U.S. Food Drug Administration
Center for Food Safety Applied Nutrition

Cosmetics Compliance Program

Issued July 31, 2000




PRODUCT CODES: Industry Code 53



Investigations Branches


Report all analyses into the Field Accomplishment and Compliance Tracking System using the following Problem Area Flags for the various types of analyses.

Microbiological Analyses - MIC
Color Additive Analyses - COL
Label Reviews - FDF (Result Flag = FDL)


*Conduct inspections only at firms manufacturing or repacking eye area cosmetics and skin care preparations and lotions. These products present the greatest potential health hazard if they become contaminated with bacteria. The questionnaire on bovine-derived tissue (Attachment B) applies to all cosmetic products being manufactured or imported by the firm being inspected and is not limited solely to eye area cosmetics and skin care preparations and lotions.*

Collect samples for color analysis, prohibited ingredients, or label reviews on a compliance basis only.

Do not report inspections, sample collections or analyses of drug products under this program.


Cosmetics are defined in the Food, Drug, and Cosmetic Act as articles intended to be applied to, or introduced into, the human body for cleansing, beautifying, promoting attractiveness or altering the appearance without affecting the body's structure or function. Articles intended for use as components of cosmetic products are also considered cosmetics. Soap meeting the parameter of 21 CFR 701.20(a)(1) and (a)(2), is excluded from the term "cosmetic".

Some products perceived by consumers to be cosmetics may also be drugs if they are intended to cure, mitigate, treat or prevent disease, or to affect the structure or any function of the human body. These products usually make drug as well as cosmetic claims. Typical examples are: antiperspirant/deodorant products, sunscreen/suntan products, toothpaste/fluoridated toothpastes, and medicated cosmetics. Except for sunscreen/suntan products containing octyl dimethyl PABA and a nitrostating agent such as 2-bromo-2-nitro-1, 3-propanediol (BronopolTM), sunscreen/suntan products are not covered under this program.

It has been estimated that consumer expenditures for cosmetics exceed *35 billion* dollars annually. It is further estimated that the marketed cosmetics are being produced in more than 1400 domestic manufacturing and repacking establishments and represent more than 25,000 product formulations. About *10,500* different cosmetic ingredients and a similar number of fragrance ingredients are being used by the cosmetic industry.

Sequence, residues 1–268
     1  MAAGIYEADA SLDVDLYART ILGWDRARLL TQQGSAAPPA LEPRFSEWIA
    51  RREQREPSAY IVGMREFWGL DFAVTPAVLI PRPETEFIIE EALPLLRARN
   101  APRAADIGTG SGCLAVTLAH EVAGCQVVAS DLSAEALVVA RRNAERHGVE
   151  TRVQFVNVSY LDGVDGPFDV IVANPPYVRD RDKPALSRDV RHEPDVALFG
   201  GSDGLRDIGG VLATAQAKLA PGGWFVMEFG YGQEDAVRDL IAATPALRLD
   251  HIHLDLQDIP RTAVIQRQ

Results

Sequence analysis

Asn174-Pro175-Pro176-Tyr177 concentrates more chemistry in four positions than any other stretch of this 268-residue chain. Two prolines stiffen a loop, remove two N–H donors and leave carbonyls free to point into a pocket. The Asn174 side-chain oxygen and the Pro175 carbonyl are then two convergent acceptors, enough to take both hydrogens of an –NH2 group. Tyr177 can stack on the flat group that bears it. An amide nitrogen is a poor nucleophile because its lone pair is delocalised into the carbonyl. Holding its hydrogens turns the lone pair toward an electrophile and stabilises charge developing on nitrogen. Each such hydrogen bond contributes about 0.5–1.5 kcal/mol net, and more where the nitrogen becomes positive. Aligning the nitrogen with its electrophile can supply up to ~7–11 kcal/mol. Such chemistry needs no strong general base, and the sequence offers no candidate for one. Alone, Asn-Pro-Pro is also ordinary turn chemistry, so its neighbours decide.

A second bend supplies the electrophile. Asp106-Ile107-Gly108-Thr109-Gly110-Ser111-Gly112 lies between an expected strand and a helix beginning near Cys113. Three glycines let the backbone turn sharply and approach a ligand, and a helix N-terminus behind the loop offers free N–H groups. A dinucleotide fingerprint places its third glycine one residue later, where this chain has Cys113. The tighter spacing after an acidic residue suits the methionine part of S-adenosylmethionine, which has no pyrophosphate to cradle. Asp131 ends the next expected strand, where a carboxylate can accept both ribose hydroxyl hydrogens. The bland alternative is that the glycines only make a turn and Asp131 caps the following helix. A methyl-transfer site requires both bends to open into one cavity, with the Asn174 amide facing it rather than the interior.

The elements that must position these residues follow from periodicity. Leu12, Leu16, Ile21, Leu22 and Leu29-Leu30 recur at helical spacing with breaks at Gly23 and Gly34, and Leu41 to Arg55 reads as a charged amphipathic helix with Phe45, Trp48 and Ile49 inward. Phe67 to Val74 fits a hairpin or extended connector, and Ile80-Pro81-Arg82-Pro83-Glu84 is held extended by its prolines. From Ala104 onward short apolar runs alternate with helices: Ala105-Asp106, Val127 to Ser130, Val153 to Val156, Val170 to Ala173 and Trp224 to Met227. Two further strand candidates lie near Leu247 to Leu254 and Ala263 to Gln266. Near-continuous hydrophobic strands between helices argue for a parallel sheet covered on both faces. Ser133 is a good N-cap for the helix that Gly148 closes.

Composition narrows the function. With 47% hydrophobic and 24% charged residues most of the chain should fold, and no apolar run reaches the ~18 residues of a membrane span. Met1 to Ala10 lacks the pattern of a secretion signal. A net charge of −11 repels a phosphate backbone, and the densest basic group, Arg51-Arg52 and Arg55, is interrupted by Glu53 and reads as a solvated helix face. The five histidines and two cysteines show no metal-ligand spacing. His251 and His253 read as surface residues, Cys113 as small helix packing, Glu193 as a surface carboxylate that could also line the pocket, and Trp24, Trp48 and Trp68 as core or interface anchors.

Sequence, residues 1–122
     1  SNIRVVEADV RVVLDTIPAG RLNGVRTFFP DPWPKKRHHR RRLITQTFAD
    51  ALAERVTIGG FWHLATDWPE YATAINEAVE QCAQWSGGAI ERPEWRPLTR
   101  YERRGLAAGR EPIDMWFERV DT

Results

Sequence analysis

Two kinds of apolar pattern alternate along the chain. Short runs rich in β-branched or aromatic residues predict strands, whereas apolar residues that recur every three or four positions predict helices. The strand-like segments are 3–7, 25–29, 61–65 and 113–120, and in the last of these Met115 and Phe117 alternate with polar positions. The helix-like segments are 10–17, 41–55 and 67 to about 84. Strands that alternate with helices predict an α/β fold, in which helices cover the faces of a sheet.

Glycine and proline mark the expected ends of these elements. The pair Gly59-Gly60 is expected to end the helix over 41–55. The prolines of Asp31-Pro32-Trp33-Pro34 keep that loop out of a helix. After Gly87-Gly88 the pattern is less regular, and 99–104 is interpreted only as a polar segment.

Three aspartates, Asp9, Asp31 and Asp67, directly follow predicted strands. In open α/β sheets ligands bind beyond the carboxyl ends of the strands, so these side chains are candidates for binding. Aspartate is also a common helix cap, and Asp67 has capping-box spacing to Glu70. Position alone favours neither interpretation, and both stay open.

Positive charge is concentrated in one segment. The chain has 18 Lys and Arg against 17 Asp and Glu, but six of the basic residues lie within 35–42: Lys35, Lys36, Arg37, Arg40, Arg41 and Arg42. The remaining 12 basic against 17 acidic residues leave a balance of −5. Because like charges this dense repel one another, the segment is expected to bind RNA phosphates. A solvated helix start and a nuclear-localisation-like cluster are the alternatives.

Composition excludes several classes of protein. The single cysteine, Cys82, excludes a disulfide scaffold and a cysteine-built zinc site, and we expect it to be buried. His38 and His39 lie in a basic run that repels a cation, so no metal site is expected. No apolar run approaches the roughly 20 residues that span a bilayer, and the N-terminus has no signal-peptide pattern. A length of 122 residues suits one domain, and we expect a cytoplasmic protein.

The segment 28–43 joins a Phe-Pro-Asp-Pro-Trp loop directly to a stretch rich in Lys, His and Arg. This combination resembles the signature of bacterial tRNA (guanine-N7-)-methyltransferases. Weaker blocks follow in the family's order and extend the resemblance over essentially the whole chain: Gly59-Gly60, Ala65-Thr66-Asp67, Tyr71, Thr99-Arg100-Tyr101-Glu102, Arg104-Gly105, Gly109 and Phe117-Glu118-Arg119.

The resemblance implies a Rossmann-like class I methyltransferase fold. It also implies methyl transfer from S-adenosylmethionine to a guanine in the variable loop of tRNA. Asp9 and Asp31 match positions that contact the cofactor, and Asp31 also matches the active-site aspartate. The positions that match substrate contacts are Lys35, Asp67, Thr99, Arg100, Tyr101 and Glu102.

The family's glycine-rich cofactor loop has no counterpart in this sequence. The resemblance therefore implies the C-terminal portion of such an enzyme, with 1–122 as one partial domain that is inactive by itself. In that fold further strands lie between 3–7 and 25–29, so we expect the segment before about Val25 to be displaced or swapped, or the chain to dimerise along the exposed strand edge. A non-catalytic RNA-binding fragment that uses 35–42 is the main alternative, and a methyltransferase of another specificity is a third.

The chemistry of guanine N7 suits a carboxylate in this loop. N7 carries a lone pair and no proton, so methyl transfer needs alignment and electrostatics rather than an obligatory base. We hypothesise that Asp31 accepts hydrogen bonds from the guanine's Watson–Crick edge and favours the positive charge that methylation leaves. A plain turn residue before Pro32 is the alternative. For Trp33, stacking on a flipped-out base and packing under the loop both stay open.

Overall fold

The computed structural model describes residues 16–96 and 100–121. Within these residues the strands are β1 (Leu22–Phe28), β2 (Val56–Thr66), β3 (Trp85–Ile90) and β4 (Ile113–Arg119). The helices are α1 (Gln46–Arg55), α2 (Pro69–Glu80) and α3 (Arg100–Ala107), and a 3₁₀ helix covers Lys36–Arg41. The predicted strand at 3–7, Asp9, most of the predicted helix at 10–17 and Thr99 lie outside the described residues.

In recent years, there have been several recalls of cosmetic products contaminated with pathogenic microorganisms or containing non-permitted color additives.

Refer to the Division of Emergency and Investigational Operations (DEIO) Guide to Inspections of Cosmetic Product Manufacturers; February 1995 (hereinafter referred to as the DEIO inspection guide) for discussions of problems of current interest.







      Any inspection under this Compliance Program must:




Criteria for selecting firms to inspect are listed below in order of relative priority.

  1. Manufacturers who have recalled cosmetics because of microbial contamination during the previous 3-year period;
  2. Manufacturers of the types of products discussed above, i.e., eye area cosmetics, etc., that have had an OAI or VAI inspection within the previous 3-year period; or

  3. Any firm that manufactures the types of products discussed above. To aid the districts in selecting firms to cover, CFSAN/DOEP can provide an inventory of firms that have been determined to be producing these types of products based on previous observations. In addition, this print-out can be supplemented by a report from the Center's Voluntary Cosmetic Registration database which lists firms manufacturing eye area cosmetics or skin preparations and lotions.*

Coverage of Bovine-Derived Ingredients for Bovine Spongiform Encephalopathy (BSE)

By letter dated May 9, 1996 (ATTACHMENT C), FDA recommended that firms that manufacture or import cosmetic products and their ingredients containing specific bovine tissues, including extracts or substances derived from such tissues, take whatever steps necessary to assure themselves that such ingredients do not come from cattle born, raised, or slaughtered in countries where bovine spongiform encephalopathy (BSE) exists. BSE is a fatal transmissible spongiform encephalopathy similar to Creutzfeldt-Jakob disease in humans. BSE continues to be prevalent in Great Britain (including Northern Ireland and the Falklands), Belgium, Luxenbourg, the Netherlands, France, Switzerland, Republic of Ireland, Oman, and Portugal. This list of BSE countries is subject to change. Refer to I.A. #17-04 for the most up-to-date list.